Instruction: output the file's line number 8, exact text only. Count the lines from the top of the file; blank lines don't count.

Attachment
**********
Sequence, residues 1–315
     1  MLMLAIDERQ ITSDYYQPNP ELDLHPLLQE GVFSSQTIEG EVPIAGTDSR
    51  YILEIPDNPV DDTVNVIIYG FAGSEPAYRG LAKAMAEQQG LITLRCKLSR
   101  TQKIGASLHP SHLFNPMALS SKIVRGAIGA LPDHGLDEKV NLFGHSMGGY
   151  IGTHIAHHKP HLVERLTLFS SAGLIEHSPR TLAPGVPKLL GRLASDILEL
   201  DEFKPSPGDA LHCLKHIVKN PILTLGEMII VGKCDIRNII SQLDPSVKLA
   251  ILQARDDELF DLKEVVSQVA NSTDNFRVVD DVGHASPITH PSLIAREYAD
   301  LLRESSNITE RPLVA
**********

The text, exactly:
   301  LLRESSNITE RPLVA